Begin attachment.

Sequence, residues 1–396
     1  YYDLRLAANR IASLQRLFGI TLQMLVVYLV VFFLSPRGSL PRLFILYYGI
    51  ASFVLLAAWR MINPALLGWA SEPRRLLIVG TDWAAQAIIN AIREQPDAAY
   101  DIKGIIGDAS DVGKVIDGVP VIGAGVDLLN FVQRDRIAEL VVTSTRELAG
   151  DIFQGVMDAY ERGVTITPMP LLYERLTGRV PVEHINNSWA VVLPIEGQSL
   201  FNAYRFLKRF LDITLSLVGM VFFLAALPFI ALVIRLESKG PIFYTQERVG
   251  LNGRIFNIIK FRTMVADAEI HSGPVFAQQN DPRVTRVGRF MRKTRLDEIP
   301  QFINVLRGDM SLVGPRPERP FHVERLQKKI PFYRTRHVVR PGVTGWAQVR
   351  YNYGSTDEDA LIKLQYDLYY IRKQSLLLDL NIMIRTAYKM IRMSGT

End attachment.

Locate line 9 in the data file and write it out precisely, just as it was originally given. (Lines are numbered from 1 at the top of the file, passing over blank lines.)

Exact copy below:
   351  YNYGSTDEDA LIKLQYDLYY IRKQSLLLDL NIMIRTAYKM IRMSGT